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Red in a sea of Blue Devils: Duke College Republicans no longer active as election approaches

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With the election just weeks away, students have mobilized, campaigning for candidates, setting up voter registration tents and hosting debate watch parties over Zoom. But one group is conspicuously quiet: the Duke College Republicans. 

The organization decided against rechartering this fall because of ideological tensions within the group and the broader Republican Party, said Karl Harrison, Trinity ’20 and a former member.

“We just couldn’t compromise,” said Harrison said.

Harrison described a split between fiscally conservative “Ben Shapiro types” and socially conservative students like himself. After the social conservatives assumed control of the College Republicans, the economic conservatives left, catalyzing the organization’s disintegration, he said. 

Though College Republicans have temporarily disbanded, conservatives at Duke are still present. 

“Generally… the consensus is that most [conservatives] are… not very vocal with their political beliefs,” said first-year Brendan Parrella, who identifies as Republican but is “more libertarian than pure conservative.”

He cited a fear of being “ostracized” as the main reason why conservative students don’t speak up about their views. He recalled a conversation with another right-leaning student who admitted to lying about his voting preferences to avoid jeopardizing friendships.

Though Parella said he tries not to come across as too partisan in political discussions, he also wishes there was more openness to bipartisan campus dialogue.

“There have definitely been situations where I’ve wanted to say something but have kind of  restrained myself because I’m scared that it’ll be interpreted wrong,” he explained. 

Harrison, on the other hand, described free speech as “readily available” on campus and said he never experienced any harassment during his time with the College Republicans. Yet he acknowledged an “air of dismissiveness” regarding the few active conservative students at Duke. 

To Harrison, dismissal of Trump supporters echoes the sentiment of the country as a whole, where coastal Democrats tend to hold unfavorable views of the right-leaning “flyover parts of the country”—namely the South and Midwest.

“There’s a tendency to dismiss all these people as groups who are voting against their own interest,” Harrison said, referencing the concept of  “somewheres versus anywheres” to convey the geographical divisions in American politics.

Asked to weigh in on the November election, Harrison depicted President Donald Trump as a “transition candidate”—a politician who is shifting the Republican Party further to the left on economic issues. He cited the Trump administration’s tariff policy and issuance of COVID-19 stimulus checks as evidence of the changing face of the party.

While Parrella wasn’t impressed with Trump’s response to the coronavirus pandemic, he also expressed approval for the administration’s economic policy—albeit for different reasons than Harrison. He described Trump’s economy as “laissez-faire,” which aligns with his libertarian views. Although he said Joe Biden “seems like a good guy,” he diverged sharply from the Democratic candidate’s policy views—particularly on social programs and healthcare.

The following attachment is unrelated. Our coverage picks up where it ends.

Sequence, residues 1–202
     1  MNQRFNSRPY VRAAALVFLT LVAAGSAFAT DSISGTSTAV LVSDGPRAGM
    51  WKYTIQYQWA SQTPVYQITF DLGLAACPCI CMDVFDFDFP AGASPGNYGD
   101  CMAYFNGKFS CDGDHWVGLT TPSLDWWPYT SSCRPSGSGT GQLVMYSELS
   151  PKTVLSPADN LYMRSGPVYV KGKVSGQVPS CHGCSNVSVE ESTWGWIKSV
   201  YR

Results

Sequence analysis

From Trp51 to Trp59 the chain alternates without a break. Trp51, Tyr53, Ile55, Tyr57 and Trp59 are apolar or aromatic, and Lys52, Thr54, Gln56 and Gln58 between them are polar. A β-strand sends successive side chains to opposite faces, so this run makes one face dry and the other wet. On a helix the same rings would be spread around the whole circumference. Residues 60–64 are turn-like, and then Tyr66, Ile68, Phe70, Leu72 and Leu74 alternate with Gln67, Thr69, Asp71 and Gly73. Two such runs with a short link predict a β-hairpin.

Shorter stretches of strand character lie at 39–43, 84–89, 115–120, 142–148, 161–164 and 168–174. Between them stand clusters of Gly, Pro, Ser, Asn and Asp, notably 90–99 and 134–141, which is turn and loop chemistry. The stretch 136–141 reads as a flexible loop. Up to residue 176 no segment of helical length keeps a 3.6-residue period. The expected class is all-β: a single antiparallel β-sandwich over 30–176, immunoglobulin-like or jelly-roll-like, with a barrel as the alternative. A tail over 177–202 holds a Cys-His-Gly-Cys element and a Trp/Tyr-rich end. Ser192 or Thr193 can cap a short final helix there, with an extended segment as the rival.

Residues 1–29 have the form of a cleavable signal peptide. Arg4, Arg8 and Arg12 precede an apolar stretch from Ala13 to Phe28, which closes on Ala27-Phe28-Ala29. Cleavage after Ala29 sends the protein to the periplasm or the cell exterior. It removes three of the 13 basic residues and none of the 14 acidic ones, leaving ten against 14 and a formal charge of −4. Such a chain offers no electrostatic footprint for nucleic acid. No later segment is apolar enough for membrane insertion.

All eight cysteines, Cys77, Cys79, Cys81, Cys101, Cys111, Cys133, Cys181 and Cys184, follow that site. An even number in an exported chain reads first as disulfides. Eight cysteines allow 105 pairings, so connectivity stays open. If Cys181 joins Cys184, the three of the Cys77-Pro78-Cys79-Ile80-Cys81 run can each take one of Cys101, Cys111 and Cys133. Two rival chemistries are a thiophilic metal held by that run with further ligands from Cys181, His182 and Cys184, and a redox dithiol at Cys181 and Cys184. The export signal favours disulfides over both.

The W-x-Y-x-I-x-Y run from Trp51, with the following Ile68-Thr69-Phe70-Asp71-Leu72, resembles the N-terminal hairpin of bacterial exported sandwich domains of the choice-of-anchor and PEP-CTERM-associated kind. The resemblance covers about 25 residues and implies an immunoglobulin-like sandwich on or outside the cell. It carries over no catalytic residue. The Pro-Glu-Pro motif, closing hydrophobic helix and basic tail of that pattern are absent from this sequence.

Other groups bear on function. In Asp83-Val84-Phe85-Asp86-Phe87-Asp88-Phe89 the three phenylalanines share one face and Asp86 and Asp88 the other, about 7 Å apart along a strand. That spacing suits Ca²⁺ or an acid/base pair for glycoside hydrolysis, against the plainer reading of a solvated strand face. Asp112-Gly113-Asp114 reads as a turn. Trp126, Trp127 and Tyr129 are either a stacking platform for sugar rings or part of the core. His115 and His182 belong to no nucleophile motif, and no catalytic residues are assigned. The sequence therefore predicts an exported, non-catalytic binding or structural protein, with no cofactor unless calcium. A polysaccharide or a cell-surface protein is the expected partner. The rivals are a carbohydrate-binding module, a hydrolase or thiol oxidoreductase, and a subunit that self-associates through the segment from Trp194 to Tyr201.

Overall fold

Regarding voting in the election, Parrella remains undecided. Although he favors libertarian candidate Jo Jorgensen, he’s wary of supporting a third party in such a consequential election.

“I think my vote will count more if I do vote for one of the main parties,” he said.

Harrison added that the two parties are now more divided than ever, which makes it difficult to find common ground. 

Parrella, who is “not a big fan” of Trump but hasn’t ruled out voting for him, said he has seen derogatory language directed towards Trump supporters on Duke students’ social media accounts.

“There’s a lot of negative attitude there,” he said.

Harrison described characterizations of Trump as racist, facist and xenophobic as a “red herring.” He expressed disappointment in extremist caricatures on both sides, which he thinks are unproductive. 

Trump has been criticized for racist remarks, including telling four freshman congresswomen to “go back” to where they came from, and for immigration policies critics have said are xenophobic. 

While Parrella said he couldn’t attest to the president’s personal character, he and Harrison agreed that it was unfair to assume Trump supporters hold prejudicial attitudes.

Parella noted that he didn’t think supporting or voting for Trump makes someone racist, as “people are voting for different reasons.” 

For Harrison, the election is not only about the presidency, but also about who will shape the judicial and legislative branches. He highlighted the importance of Amy Coney Barrett's potential confirmation to the Supreme Court in a follow-up email to The Chronicle. The prospect of a “6-3 Catholic supermajority on the court is historic,” he wrote.

As for the fate of the College Republicans, Harrison said it rests in “the hands of… the underclassmen.”

Matthew Griffin contributed reporting.


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